Behind the scenes: Crossing over to a new life

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Behind the scenes: Crossing over to a new life

Yifei Wu

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She banged on the trunk of the car in frustration: “This is no place for cars! You see the sign. Go back!” The driver muttered, but backed out of the pedestrian lane as directed. Crossing guard Jenny Liu marched towards the sidewalk, her neon green cap pronounced over the lines of cars.

Liu, 60, has been a crossing guard for the past three years –– and she does not plan on quitting anytime soon.

“I used to be a nurse when I was in Vietnam,” Liu said. “I worked in the medical department for ten years. Then we moved here.”

“That is my husband,” she said, pointing to the figure in a similar neon green cap and vest standing thirty feet away. “He used to manufacture coffee beans. He was a businessman.”

However, six years ago, Liu and her husband, Ming Liu, gave up everything in Vietnam and came to Cupertino solely for their daughter, then a sophomore in high school, to provide her with a better education and improved quality of life. But the couple’s own lives became hard –– both financially and linguistically.

Nowadays, besides his duties as a crossing guard, Ming also works at a government service in Sunnyvale where he takes care of the disabled. As for Jenny, she attends ESL classes at Mountain View Adult School in the evenings. She has been taking classes there for six years, but she still struggles.

“I am sixty,” she said. “My memory isn’t as good as before.”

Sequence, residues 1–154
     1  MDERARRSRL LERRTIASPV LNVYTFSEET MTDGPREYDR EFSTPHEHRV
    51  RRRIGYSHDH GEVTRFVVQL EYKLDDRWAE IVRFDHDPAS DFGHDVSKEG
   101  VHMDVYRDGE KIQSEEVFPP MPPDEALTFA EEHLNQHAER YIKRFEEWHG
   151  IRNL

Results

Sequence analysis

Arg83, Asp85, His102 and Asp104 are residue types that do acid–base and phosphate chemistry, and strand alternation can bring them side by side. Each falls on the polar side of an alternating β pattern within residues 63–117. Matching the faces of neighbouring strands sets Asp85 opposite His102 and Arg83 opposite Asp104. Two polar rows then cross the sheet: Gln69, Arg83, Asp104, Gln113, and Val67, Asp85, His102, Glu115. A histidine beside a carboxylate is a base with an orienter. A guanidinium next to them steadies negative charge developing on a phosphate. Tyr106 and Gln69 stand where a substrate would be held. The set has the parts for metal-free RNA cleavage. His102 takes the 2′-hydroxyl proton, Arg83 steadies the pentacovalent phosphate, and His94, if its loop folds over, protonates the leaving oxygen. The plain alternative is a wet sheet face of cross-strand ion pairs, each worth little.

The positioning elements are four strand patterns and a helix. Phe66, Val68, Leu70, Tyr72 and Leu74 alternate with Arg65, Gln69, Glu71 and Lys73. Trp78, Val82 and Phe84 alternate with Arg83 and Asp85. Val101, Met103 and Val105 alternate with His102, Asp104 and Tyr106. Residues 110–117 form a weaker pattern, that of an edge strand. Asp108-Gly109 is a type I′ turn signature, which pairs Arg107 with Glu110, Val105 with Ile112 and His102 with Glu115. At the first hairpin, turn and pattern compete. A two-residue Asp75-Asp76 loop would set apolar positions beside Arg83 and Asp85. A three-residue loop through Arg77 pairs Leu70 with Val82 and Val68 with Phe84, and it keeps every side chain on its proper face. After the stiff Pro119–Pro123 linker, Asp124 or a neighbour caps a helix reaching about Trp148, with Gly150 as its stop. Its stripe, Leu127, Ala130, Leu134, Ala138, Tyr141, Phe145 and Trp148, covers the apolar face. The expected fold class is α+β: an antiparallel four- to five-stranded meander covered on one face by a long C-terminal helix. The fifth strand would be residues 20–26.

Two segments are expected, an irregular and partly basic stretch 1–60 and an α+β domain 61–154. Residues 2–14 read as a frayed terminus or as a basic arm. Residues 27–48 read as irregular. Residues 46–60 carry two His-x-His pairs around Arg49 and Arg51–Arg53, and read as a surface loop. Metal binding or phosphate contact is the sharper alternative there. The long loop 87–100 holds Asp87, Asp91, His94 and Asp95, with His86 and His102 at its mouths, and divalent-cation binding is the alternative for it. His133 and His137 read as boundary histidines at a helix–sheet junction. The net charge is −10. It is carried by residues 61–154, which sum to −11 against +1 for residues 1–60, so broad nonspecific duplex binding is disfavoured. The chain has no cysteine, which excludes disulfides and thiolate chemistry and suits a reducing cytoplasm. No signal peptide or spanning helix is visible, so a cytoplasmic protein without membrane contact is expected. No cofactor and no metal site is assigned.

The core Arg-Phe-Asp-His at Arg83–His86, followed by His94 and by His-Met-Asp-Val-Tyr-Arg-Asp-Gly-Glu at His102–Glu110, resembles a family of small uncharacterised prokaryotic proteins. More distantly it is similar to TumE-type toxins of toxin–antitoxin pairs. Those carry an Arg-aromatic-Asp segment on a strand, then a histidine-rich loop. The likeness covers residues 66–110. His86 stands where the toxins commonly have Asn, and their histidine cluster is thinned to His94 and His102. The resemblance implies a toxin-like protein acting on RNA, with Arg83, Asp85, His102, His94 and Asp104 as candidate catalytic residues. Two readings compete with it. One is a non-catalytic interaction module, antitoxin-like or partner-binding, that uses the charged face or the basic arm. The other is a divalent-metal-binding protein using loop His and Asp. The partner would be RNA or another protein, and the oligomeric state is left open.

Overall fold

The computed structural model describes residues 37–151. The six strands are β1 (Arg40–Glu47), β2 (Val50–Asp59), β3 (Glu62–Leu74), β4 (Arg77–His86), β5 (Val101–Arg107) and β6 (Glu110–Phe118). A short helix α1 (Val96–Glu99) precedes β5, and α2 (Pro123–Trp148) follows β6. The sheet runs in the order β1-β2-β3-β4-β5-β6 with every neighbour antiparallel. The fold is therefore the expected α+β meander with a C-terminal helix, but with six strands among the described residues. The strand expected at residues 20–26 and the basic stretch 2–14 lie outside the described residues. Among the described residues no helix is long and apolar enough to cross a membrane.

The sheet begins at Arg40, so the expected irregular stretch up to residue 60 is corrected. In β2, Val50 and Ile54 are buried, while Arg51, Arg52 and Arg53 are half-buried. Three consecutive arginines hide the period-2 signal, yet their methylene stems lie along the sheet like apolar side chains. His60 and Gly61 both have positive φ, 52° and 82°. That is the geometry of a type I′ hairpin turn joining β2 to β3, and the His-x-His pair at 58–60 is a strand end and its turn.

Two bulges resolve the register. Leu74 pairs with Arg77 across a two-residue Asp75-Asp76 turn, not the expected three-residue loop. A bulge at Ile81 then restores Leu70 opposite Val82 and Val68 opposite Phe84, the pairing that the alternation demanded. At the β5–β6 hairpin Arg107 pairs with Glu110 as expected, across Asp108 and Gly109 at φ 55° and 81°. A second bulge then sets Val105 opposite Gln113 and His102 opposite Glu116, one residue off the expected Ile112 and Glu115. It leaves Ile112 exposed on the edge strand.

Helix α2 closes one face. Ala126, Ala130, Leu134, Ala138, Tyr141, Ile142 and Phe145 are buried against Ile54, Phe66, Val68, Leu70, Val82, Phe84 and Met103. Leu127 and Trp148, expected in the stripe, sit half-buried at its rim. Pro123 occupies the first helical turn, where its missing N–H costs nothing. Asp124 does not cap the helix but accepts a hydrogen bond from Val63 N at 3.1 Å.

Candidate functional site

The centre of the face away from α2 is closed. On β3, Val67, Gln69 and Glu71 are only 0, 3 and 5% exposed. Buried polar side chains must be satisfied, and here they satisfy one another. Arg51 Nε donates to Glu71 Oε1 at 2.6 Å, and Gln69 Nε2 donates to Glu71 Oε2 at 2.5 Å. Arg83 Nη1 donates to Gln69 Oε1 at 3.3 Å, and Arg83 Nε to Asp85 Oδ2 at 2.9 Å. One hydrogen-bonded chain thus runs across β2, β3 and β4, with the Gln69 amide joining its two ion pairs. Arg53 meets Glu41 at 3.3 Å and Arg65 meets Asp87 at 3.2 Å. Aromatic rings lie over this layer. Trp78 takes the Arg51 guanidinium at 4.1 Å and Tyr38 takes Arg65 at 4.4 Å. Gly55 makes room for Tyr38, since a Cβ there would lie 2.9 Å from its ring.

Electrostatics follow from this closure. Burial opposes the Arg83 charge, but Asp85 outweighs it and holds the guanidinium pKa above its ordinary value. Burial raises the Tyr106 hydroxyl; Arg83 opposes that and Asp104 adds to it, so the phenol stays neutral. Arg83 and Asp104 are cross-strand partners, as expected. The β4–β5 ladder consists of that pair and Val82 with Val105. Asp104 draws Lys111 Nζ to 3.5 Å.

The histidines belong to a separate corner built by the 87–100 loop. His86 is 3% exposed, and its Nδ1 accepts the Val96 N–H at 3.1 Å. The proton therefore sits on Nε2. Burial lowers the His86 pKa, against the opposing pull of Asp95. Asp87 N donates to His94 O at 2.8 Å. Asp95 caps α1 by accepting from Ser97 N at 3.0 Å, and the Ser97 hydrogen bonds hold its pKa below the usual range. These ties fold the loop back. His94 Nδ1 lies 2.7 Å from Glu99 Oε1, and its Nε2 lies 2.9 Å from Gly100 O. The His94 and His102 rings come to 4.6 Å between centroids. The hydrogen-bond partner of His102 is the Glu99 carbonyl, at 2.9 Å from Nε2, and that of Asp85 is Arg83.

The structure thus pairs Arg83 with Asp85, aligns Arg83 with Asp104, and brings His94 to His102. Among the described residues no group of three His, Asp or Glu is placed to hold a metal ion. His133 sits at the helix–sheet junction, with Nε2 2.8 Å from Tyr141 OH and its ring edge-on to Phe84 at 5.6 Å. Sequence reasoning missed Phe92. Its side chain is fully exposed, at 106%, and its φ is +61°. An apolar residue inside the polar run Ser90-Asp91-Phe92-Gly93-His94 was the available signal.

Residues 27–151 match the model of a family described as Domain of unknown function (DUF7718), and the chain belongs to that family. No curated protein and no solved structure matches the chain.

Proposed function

“Yes, I regret coming here. But it is worth it for our daughter.

Nevertheless, she vividly remembers her days in Vietnam. Jenny recalls her life there as one without worries –– she had her relatives and friends, her house and the job that she loved. She had a good life. Ming nodded in agreement.

“We were doing well [in Vietnam],” he said. He smiled shyly as if embarrassed by his pronunciation and glanced at Jenny for support.

“Yes, I regret coming here,” she said. “But it is worth it for our daughter.”

Her daughter does not have it so easy either. After entering Homestead High School as a sophomore six years ago, the young girl, Annie Liu, had trouble adjusting to the new environment. But she refused to give up. According to Jenny, her daughter graduated from De Anza College this past summer and is now applying to enter a four-year college. Inspired by Jenny, Annie works a part-time job at Safeway to pay for her tuition and her gas bills. She wishes to enter San Jose State University to learn about nurse practitioning.

“My real ambition is becoming a doctor,” Annie said. “But I will become a nurse first to earn money; then I will apply to medical schools.”

Jenny, when speaking of her daughter, did not try to conceal her pride –– and her high expectations.

“[My husband and I] gave up everything for her future,” Jenny said. “She must go to a college in America. She must.”

The interviews with Jenny Liu, Ming Liu and Annie Liu were conducted in Chinese and translated into English.